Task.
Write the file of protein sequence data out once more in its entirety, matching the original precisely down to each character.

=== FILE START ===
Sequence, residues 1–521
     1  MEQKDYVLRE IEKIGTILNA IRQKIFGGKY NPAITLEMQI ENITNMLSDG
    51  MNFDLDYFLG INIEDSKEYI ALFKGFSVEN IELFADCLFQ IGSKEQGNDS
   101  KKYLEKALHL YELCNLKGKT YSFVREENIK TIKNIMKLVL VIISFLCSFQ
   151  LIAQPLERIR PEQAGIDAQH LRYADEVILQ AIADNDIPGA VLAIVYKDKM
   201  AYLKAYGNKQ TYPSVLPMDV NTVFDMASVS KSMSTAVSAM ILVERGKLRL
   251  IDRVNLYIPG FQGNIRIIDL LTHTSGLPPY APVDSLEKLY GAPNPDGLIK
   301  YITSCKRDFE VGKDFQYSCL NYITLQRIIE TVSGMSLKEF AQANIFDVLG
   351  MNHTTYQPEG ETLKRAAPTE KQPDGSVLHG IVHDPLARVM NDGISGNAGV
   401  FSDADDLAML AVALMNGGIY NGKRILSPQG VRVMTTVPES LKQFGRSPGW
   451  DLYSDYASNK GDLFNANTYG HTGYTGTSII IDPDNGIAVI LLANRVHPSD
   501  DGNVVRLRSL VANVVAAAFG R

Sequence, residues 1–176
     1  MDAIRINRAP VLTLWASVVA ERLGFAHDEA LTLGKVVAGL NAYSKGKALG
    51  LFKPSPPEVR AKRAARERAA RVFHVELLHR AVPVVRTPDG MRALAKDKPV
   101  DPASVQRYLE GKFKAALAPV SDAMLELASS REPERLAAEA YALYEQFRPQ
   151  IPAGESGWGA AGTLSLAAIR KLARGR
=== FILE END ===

Sequence, residues 1–521
     1  MEQKDYVLRE IEKIGTILNA IRQKIFGGKY NPAITLEMQI ENITNMLSDG
    51  MNFDLDYFLG INIEDSKEYI ALFKGFSVEN IELFADCLFQ IGSKEQGNDS
   101  KKYLEKALHL YELCNLKGKT YSFVREENIK TIKNIMKLVL VIISFLCSFQ
   151  LIAQPLERIR PEQAGIDAQH LRYADEVILQ AIADNDIPGA VLAIVYKDKM
   201  AYLKAYGNKQ TYPSVLPMDV NTVFDMASVS KSMSTAVSAM ILVERGKLRL
   251  IDRVNLYIPG FQGNIRIIDL LTHTSGLPPY APVDSLEKLY GAPNPDGLIK
   301  YITSCKRDFE VGKDFQYSCL NYITLQRIIE TVSGMSLKEF AQANIFDVLG
   351  MNHTTYQPEG ETLKRAAPTE KQPDGSVLHG IVHDPLARVM NDGISGNAGV
   401  FSDADDLAML AVALMNGGIY NGKRILSPQG VRVMTTVPES LKQFGRSPGW
   451  DLYSDYASNK GDLFNANTYG HTGYTGTSII IDPDNGIAVI LLANRVHPSD
   501  DGNVVRLRSL VANVVAAAFG R

Sequence, residues 1–176
     1  MDAIRINRAP VLTLWASVVA ERLGFAHDEA LTLGKVVAGL NAYSKGKALG
    51  LFKPSPPEVR AKRAARERAA RVFHVELLHR AVPVVRTPDG MRALAKDKPV
   101  DPASVQRYLE GKFKAALAPV SDAMLELASS REPERLAAEA YALYEQFRPQ
   151  IPAGESGWGA AGTLSLAAIR KLARGR